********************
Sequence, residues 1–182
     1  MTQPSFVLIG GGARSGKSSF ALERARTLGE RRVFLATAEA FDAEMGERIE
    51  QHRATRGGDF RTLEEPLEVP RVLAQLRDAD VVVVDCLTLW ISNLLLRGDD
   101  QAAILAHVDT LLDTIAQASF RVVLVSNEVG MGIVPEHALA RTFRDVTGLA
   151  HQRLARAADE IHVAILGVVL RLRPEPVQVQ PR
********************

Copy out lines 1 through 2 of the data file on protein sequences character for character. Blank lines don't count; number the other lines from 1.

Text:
Sequence, residues 1–182
     1  MTQPSFVLIG GGARSGKSSF ALERARTLGE RRVFLATAEA FDAEMGERIE